Geniuses come in all shapes and sizes, including that of an 11-year-old boy named Henry Carpenter (Jaeden Lieberher). As the man of the house, Henry has taken on more responsibility than the average elementary-school student: He helps his single mother Susan (Naomi Watts) with her finances and general life problems, and serves as a guardian and mentor for his playful younger brother Peter (Jacob Tremblay from Room). He’s also well-known around town for his uncommon intellect and down-to-earth personality, choosing to remain at his local school (instead of taking classes for gifted students) and refusing to let his overdeveloped IQ get in the way of providing others with various forms of support.

When unexpected circumstances arise, Henry is forced to give his mom a detailed plan he’s developed to help his neighbor and classmate Christina (Maddie Ziegler), who’s being abused by her seemingly upstanding citizen of a stepfather (Dean Norris). The responsibility now falls upon Susan to expose this dangerous secret, with the help of Henry’s da Vinci-esque creativity and unwavering sense of social justice. In his own way, this genius child is able to make a positive impact on the lives of everyone he knows, while proving that they are stronger individuals than they give themselves credit for.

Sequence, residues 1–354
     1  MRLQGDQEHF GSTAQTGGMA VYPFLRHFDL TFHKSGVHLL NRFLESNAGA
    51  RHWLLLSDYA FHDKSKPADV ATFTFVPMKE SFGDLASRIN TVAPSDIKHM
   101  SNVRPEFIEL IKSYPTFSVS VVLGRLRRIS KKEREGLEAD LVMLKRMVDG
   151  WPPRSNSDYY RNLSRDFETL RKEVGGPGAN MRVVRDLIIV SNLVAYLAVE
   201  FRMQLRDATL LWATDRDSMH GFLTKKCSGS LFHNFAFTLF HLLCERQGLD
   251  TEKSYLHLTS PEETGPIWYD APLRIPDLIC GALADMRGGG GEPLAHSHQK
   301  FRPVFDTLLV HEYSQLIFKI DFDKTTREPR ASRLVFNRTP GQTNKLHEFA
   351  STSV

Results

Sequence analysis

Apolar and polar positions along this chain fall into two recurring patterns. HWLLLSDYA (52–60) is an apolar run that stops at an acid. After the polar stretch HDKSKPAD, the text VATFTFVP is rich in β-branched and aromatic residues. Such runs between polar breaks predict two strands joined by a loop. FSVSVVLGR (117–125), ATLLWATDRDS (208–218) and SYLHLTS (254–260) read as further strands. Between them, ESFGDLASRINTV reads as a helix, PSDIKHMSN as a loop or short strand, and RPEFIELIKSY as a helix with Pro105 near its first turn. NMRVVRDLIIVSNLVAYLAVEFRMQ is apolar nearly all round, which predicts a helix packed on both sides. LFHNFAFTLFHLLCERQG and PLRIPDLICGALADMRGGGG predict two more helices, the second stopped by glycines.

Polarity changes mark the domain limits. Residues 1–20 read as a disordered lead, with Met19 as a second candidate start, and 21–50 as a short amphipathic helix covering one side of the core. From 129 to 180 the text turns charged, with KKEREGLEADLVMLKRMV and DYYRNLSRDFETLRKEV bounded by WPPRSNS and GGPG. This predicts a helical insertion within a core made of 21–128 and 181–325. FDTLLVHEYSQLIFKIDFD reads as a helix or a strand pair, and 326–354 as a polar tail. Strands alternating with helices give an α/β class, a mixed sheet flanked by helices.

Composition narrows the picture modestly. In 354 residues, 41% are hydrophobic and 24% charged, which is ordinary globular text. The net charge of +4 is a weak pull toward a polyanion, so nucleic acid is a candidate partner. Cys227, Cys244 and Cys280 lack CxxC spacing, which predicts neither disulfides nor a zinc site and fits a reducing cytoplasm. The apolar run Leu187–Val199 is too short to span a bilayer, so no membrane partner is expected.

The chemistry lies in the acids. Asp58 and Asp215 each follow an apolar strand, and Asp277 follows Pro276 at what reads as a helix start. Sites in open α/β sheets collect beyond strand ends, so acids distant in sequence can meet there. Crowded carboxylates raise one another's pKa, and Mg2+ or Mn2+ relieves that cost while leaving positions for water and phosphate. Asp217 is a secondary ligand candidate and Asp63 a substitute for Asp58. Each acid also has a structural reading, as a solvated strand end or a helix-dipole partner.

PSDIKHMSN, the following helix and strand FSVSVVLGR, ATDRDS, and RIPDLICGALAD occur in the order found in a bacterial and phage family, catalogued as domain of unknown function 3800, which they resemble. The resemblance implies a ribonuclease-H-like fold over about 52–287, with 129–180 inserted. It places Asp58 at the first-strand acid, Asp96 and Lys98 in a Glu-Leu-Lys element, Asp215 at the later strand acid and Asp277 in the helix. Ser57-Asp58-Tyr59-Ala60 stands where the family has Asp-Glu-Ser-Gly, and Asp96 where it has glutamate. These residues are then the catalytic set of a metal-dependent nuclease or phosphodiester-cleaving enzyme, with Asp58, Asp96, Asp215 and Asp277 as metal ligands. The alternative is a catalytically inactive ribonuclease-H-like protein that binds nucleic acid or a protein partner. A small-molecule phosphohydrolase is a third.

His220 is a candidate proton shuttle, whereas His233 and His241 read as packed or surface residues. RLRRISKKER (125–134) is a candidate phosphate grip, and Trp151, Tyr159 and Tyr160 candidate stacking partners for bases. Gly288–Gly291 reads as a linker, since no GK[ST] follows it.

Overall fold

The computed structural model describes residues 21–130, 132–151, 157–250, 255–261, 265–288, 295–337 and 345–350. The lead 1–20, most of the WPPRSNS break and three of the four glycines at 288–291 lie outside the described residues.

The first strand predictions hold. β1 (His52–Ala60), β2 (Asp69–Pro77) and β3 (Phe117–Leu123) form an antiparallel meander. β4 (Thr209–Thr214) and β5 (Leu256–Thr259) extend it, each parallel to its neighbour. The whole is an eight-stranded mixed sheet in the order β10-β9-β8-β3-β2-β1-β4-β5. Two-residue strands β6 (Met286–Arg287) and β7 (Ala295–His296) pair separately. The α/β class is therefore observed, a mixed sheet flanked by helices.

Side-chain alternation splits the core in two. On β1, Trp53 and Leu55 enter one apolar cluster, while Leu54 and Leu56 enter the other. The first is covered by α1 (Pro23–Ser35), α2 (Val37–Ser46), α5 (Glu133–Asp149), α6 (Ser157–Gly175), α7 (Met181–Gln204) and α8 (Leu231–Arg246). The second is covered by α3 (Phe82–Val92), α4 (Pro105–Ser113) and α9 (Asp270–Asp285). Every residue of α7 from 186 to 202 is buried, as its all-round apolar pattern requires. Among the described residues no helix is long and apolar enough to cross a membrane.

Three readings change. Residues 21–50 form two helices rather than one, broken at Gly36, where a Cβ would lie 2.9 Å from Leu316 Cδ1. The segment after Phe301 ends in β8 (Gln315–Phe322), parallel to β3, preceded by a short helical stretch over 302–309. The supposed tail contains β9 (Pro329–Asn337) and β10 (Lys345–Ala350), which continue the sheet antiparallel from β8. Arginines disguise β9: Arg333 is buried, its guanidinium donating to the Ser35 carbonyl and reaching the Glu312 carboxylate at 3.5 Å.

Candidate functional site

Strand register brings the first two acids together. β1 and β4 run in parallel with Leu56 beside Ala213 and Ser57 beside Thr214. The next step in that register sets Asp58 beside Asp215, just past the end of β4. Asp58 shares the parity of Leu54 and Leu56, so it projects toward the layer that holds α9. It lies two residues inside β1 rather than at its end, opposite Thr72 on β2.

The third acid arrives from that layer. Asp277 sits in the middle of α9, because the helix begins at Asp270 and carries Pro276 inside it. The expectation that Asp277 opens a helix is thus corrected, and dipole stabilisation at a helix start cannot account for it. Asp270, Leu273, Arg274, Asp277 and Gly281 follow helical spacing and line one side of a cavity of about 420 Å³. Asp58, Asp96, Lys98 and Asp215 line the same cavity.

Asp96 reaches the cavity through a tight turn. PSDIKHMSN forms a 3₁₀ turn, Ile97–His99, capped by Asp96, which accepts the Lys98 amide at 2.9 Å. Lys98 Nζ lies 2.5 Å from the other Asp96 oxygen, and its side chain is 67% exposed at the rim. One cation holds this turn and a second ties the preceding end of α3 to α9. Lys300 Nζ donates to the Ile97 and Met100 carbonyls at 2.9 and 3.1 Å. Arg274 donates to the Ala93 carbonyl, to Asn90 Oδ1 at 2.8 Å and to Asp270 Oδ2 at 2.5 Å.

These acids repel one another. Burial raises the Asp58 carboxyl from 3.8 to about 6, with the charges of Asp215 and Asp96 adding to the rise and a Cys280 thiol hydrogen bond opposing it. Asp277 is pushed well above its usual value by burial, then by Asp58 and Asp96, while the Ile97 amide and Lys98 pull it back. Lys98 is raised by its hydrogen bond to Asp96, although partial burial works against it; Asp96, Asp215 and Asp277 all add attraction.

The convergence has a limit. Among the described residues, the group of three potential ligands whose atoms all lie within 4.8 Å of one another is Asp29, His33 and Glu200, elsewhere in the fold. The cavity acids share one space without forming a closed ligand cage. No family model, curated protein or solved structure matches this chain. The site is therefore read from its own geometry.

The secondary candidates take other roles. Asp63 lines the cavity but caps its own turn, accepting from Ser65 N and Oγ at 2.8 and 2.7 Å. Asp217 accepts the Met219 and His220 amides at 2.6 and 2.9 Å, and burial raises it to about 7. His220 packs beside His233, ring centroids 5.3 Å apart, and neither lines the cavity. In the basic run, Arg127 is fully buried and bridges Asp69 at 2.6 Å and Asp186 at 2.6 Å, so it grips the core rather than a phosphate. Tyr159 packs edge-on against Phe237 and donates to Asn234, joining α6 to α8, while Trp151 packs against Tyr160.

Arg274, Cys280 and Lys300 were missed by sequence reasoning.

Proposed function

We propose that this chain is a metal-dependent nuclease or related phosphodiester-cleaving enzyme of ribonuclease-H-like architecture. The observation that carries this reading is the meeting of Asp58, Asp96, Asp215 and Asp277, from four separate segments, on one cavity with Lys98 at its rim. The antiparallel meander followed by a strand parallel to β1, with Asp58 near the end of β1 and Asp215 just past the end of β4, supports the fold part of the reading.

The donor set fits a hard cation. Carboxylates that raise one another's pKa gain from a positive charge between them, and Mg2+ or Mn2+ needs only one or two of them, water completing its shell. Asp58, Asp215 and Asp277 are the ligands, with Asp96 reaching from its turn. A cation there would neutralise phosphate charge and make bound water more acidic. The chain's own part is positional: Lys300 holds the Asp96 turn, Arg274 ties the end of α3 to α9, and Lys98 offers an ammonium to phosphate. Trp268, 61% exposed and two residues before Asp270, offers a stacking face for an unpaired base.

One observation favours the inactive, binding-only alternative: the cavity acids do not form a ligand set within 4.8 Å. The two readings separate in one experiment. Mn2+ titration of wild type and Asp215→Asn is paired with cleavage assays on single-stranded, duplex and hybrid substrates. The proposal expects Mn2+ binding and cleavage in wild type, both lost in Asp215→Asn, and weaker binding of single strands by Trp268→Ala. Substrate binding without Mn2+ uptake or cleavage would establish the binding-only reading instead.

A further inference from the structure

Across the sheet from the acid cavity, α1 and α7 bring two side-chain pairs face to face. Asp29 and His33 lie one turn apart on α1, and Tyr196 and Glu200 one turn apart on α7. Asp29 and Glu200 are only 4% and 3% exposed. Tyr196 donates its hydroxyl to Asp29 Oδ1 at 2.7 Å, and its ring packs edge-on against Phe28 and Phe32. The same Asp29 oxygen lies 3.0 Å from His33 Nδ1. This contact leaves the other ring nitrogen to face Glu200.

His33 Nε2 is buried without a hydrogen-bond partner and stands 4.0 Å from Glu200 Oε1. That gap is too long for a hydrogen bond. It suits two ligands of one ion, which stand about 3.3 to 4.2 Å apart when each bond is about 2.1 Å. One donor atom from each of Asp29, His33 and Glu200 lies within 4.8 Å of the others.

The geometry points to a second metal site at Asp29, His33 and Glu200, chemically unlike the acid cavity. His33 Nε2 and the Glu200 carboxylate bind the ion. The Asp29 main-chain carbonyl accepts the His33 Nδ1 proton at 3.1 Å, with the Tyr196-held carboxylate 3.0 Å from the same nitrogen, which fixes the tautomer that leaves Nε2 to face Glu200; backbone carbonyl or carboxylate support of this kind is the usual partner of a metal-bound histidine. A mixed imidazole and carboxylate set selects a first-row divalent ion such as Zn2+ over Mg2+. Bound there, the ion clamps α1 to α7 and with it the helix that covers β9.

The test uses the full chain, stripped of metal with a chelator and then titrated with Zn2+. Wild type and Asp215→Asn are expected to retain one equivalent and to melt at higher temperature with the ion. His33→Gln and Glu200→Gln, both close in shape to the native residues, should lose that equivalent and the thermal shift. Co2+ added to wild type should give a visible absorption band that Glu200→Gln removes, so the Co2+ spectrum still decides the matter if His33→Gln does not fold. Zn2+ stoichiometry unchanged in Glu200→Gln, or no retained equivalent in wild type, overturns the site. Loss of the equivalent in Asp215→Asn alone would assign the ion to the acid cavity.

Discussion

Throughout this emotional roller coaster of a plot, screenwriter Gregg Hurwitz touches on such ideas as the loss of innocence, the development of one’s self-worth, and the hard truth of mortality. While the story frequently depicts Henry as a familiar brand of artist-engineer savant, his interest in the importance of human relationships provides a fresh approach to the archetypal role of the child genius. Rather than basking in the glory of his unique abilities, Henry brings out the best in others due to this aptitude for emotional understanding.

The movie’s thoughtful portrayal of its characters is further accentuated by the personal growth each one experiences through numerous challenges and twists of fate; time and again, they’re forced to make difficult decisions for the greater good, which is never easy. The result is an inspiring and believable tale that is sure to make any audience wish they had known this special young man in real life, demonstrating that a role model is defined by his or her actions rather than by physical stature. In The Book of Henry, it isn’t what one leaves behind, but how one helped others during life, that represents a person’s legacy.